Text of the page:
Mirror is like a large screen that can be fitted in your living room and can be used to learn from professionals. Lululemon also depends on external suppliers for production. Abhijeet has been blogging on educational topics and business research since He graduated with a Hons. He likes to blog and share his knowledge and research in business management, marketing, literature and other areas with his readers.

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From Competitive Advantage to Corporate Strategy


The corporation acquires sound, attractive companies with competent managers who agree to stay on. While acquired units do not have to be in the same industries as existing units, the best portfolio managers generally limit their range of businesses in some way, in part to limit the specific expertise needed by top management.

The acquired units are autonomous, and the teams that run them are compensated according to the unit results. The corporation supplies capital and works with each to infuse it with professional management techniques. At the same time, top management provides objective and dispassionate review of business unit results.

Portfolio managers categorize units by potential and regularly transfer resources from units that generate cash to those with high potential and cash needs. In a portfolio strategy, the corporation seeks to create shareholder value in a number of ways. It uses its expertise and analytical resources to spot attractive acquisition candidates that the individual shareholder could not.

The company provides capital on favorable terms that reflect corporatewide fundraising ability. It introduces professional management skills and discipline. Finally, it provides high-quality review and coaching, unencumbered by conventional wisdom or emotional attachments to the business.

The logic of the portfolio management concept rests on a number of vital assumptions. Acquired companies must be truly undervalued because the parent does little for the new unit once it is acquired.

To meet the better-off test, the benefits the corporation provides must yield a significant competitive advantage to acquired units. The style of operating through highly autonomous business units must both develop sound business strategies and motivate managers. In most countries, the days when portfolio management was a valid concept of corporate strategy are past. Other benefits have also eroded. Large companies no longer corner the market for professional management skills; in fact, more and more observers believe managers cannot necessarily run anything in the absence of industry-specific knowledge and experience.

Another supposed advantage of the portfolio management concept—dispassionate review—rests on similarly shaky ground since the added value of review alone is questionable in a portfolio of sound companies. The benefit of giving business units complete autonomy is also questionable. Setting strategies of units independently may well undermine unit performance.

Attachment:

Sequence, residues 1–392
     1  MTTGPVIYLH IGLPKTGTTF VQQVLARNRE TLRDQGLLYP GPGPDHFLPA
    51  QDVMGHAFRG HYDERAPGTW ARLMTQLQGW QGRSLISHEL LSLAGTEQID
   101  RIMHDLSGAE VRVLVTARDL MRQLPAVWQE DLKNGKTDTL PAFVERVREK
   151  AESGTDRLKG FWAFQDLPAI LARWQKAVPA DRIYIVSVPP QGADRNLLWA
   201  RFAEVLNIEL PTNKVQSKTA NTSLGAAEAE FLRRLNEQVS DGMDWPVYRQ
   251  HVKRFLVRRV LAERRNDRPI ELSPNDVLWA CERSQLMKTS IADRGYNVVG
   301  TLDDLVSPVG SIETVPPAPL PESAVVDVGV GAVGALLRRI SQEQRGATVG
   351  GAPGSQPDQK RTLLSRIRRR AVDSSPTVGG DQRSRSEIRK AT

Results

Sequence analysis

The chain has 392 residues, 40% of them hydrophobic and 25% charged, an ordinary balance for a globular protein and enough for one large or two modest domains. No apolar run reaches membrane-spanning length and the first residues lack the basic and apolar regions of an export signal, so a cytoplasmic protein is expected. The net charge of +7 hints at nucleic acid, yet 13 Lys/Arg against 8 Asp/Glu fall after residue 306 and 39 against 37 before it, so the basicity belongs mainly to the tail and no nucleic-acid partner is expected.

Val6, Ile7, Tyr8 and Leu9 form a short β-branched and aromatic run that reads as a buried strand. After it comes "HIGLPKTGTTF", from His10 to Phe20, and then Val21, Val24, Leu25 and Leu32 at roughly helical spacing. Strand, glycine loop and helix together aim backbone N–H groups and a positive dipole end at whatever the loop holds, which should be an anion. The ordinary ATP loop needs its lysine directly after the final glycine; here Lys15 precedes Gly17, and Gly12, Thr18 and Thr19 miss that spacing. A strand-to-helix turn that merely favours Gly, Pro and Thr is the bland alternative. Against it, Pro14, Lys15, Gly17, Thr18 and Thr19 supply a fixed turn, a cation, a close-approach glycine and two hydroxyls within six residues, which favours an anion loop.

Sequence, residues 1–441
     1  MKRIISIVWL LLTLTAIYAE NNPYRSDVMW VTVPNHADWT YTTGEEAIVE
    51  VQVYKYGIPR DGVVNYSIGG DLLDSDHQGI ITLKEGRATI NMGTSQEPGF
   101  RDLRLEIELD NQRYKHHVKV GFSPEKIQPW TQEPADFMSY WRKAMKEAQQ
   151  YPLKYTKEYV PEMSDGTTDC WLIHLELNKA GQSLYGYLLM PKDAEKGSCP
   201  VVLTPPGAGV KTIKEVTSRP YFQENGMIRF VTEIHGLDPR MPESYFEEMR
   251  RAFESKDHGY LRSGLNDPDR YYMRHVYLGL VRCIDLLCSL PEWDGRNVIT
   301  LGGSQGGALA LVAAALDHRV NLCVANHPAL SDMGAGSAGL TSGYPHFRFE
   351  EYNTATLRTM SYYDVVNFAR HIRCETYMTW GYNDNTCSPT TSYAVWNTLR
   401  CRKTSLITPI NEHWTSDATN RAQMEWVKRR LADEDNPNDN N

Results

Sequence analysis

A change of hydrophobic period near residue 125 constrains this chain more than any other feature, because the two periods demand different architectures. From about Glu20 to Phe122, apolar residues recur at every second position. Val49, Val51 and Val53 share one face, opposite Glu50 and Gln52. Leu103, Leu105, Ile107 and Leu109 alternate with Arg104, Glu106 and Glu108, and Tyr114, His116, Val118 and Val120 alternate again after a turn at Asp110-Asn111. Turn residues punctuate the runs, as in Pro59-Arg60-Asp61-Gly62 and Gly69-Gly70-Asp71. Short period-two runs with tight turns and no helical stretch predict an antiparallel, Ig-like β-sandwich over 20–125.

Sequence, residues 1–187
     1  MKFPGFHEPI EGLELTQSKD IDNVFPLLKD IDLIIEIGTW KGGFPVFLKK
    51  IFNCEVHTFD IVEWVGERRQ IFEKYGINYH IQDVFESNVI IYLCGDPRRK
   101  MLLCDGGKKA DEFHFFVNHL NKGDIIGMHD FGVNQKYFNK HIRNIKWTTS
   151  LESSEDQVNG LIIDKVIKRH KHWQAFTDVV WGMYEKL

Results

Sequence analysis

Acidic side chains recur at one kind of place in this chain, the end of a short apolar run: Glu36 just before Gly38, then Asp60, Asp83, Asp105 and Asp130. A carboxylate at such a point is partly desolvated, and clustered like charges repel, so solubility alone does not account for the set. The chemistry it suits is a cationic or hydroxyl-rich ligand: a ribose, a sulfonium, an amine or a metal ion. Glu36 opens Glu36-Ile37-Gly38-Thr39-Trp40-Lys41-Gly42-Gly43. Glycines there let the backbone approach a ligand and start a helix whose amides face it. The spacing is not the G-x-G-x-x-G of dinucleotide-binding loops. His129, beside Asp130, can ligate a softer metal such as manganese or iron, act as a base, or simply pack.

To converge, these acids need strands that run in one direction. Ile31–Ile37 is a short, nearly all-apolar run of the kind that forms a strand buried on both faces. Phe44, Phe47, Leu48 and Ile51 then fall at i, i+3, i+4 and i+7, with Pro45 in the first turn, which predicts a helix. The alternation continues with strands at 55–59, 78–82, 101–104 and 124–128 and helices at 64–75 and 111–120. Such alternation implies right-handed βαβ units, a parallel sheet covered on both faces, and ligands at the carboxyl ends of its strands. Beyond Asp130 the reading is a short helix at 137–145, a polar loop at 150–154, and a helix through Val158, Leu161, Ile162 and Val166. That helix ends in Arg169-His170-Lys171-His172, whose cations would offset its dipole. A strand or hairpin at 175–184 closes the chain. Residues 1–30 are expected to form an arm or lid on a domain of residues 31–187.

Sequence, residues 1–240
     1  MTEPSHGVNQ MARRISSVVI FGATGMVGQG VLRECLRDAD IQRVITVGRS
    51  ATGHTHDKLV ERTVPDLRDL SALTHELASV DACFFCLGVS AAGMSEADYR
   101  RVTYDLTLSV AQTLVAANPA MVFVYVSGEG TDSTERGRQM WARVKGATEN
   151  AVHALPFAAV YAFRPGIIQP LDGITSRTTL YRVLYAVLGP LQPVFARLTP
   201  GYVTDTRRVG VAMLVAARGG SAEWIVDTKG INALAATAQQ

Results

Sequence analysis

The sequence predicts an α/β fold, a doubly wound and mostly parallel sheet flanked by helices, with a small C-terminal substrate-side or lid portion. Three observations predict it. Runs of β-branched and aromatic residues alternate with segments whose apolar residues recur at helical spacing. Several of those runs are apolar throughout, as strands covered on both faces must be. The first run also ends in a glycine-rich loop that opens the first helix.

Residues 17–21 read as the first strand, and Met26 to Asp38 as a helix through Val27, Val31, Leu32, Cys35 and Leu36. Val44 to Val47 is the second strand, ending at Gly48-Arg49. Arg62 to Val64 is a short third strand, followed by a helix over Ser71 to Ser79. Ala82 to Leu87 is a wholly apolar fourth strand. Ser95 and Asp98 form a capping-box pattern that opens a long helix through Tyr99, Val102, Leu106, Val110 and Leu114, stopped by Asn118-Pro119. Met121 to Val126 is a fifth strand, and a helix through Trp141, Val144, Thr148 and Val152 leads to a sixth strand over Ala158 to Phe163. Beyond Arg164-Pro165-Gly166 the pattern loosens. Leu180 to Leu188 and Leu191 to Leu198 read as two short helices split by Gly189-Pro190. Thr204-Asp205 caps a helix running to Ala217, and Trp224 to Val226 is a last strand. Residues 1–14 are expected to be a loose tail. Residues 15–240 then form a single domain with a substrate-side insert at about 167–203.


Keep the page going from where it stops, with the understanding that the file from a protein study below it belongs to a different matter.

The companies in my sample that have succeeded in diversification have recognized the value of interrelationships and understood that a strong sense of corporate identity is as important as slavish adherence to parochial business unit financial results. But it is the sheer complexity of the management task that has ultimately defeated even the best portfolio managers. As the size of the company grows, portfolio managers need to find more and more deals just to maintain growth.

Supervising dozens or even hundreds of disparate units and under chain-letter pressures to add more, management begins to make mistakes. Eventually, a new management team is installed that initiates wholesale divestments and pares down the company to its core businesses. Reflecting these realities, the U. In developing countries, where large companies are few, capital markets are undeveloped, and professional management is scarce, portfolio management still works. But it is no longer a valid model for corporate strategy in advanced economies.

Nevertheless, the technique is in the limelight today in the United Kingdom, where it is supported so far by a newly energized stock market eager for excitement.

But this enthusiasm will wane—as well it should. Portfolio management is no way to conduct corporate strategy.

Unlike its passive role as a portfolio manager, when it serves as banker and reviewer, a company that bases its strategy on restructuring becomes an active restructurer of business units. The new businesses are not necessarily related to existing units. All that is necessary is unrealized potential. The restructuring strategy seeks out undeveloped, sick, or threatened organizations or industries on the threshold of significant change. The parent intervenes, frequently changing the unit management team, shifting strategy, or infusing the company with new technology.